Vatican City: Pope Francis, the head of the Catholic Church and sovereign of the Vatican City State, has abolished the use of the secrecy rule that was protecting pedophiles in the Catholic Church.
The removal of the secrecy rule comes after mounting criticism that the pontifical secrecy has been used to protect pedophiles in the Catholic Church.
The rule was reportedly silencing victims and prevented police from investigating the crimes against the suspects.
Pope Francis announced the removal of the laws through new papal documents.
Archbishop Charles Scicluna of Malta, the most experienced sexual abuse investigator of the Vatican City, said, “This is an epochal decision.”
The lifting of pontifical secrecy in sexual abuse investigations were being demanded by church leaders, which includes Scicluna and the German Cardinal Reinhard Marx.
Earlier this year, Scicluna and Reinhard Marx, the Cardinal of Germany, talked about sexual abuse at the Vatican earlier this year.
The 2 argued that secrecy in cases such as child sexual abuse was outdated and that some church officials were hiding behind it instead of cooperating with the police.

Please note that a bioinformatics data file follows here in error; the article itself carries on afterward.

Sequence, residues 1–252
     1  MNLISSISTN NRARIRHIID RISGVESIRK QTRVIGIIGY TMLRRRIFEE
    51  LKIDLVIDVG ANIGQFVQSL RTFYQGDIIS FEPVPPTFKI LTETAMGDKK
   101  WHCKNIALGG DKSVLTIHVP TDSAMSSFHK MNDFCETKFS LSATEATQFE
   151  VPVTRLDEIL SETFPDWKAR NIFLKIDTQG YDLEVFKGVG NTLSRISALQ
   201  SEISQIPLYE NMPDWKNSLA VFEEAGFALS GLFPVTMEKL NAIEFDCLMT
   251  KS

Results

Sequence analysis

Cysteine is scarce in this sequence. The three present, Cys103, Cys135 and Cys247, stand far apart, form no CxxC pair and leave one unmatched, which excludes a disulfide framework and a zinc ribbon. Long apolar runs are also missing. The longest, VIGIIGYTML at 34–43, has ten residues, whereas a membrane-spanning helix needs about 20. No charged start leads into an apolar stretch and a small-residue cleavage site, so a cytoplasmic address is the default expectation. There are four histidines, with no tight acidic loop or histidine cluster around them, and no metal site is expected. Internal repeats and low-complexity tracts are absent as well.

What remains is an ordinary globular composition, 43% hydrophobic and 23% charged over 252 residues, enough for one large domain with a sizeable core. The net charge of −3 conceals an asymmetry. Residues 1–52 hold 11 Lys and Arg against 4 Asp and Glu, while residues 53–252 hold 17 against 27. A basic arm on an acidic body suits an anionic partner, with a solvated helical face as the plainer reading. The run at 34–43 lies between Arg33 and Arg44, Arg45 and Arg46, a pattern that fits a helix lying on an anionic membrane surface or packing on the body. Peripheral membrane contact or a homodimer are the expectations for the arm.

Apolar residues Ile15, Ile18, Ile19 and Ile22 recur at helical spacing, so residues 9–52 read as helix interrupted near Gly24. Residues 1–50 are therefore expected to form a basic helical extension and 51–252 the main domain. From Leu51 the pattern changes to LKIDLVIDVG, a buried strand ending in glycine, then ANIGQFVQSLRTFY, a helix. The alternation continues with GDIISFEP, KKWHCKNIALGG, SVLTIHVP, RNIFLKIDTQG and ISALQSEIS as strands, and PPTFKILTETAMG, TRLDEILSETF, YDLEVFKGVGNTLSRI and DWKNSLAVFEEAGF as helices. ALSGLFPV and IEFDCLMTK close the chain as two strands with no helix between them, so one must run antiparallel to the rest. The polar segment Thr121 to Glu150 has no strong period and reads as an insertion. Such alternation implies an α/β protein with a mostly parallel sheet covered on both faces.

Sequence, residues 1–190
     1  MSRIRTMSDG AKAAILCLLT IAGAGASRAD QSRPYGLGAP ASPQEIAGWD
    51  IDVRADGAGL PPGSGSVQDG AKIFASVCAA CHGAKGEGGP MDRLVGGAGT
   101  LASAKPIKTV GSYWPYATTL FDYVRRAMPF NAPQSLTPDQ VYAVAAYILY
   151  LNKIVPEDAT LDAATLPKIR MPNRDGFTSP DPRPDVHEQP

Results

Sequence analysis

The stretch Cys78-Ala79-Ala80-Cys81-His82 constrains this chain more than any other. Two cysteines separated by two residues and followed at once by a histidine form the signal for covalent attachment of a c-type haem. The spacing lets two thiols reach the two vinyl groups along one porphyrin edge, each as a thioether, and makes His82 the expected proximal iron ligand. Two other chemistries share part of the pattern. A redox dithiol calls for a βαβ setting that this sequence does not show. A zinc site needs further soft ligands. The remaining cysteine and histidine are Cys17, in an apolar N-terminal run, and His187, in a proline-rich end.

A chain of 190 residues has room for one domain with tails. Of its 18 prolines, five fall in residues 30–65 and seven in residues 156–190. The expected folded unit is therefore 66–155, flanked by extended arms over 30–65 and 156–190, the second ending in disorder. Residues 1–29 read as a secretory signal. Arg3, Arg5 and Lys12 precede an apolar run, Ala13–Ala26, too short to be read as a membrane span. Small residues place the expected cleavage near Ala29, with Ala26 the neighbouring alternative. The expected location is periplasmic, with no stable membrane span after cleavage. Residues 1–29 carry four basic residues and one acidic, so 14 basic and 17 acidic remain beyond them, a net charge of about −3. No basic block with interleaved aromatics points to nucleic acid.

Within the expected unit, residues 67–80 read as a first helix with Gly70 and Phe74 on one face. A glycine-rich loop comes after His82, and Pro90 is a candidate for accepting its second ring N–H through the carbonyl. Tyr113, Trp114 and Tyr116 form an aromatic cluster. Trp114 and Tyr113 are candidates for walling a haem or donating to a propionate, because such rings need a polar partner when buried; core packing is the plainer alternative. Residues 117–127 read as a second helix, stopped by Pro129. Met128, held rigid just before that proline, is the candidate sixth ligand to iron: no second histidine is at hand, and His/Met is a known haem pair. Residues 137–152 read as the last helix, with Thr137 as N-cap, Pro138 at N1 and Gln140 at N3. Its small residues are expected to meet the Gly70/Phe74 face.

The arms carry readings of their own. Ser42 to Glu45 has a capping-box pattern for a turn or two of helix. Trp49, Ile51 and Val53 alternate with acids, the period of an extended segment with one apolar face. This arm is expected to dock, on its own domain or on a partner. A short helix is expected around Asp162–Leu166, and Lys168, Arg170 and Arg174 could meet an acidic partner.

Scicluna said the new provisions have opened up ways to communicate with victims and cooperate with the state.
Scicluna said, “Certain jurisdictions would have easily quoted the pontifical secret … to say that they could not and that they were not, authorized to share information with either state authorities or the victims.”
Scicluna added, “Now that impediment, we might call it that way, has been lifted, and the pontifical secret is no more an excuse.”
Documentation from the church’s in-house legal proceedings will still not become public.
But the new laws remove the excuses to not cooperate with legal requests from prosecutors, the police, and other investigating agencies in the world.
Pope Francis also raised from 14 years old to 18 years old as the cutoff age below which the Vatican considers pornographic images to be child pornography.
The reform is a response to the Vatican’s increasing awareness of the prolific spread of online child porn that has frequently implicated churchmen.
Mattias Katsch, an abuse survivor and the founder of the Ending Clergy Abuse, said, “Now it is important that further steps are taken towards transparency – also with regard to the thousands of acts of abuse cases stored in Vatican chambers and palaces. These files must be made available for independent review and investigation.”
The new laws were issued on Tuesday, which was also the 83rd birthday of Pope Francis.